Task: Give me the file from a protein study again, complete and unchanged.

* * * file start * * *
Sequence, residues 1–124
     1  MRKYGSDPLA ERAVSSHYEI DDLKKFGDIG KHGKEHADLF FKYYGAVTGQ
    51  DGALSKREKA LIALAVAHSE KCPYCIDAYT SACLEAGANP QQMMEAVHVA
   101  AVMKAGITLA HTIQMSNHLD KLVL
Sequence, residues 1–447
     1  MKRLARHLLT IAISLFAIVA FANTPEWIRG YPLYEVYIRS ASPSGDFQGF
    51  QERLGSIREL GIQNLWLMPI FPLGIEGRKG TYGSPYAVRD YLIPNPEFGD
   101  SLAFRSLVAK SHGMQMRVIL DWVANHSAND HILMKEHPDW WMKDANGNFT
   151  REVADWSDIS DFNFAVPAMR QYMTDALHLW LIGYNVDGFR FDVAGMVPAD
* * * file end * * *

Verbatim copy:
Sequence, residues 1–124
     1  MRKYGSDPLA ERAVSSHYEI DDLKKFGDIG KHGKEHADLF FKYYGAVTGQ
    51  DGALSKREKA LIALAVAHSE KCPYCIDAYT SACLEAGANP QQMMEAVHVA
   101  AVMKAGITLA HTIQMSNHLD KLVL
Sequence, residues 1–447
     1  MKRLARHLLT IAISLFAIVA FANTPEWIRG YPLYEVYIRS ASPSGDFQGF
    51  QERLGSIREL GIQNLWLMPI FPLGIEGRKG TYGSPYAVRD YLIPNPEFGD
   101  SLAFRSLVAK SHGMQMRVIL DWVANHSAND HILMKEHPDW WMKDANGNFT
   151  REVADWSDIS DFNFAVPAMR QYMTDALHLW LIGYNVDGFR FDVAGMVPAD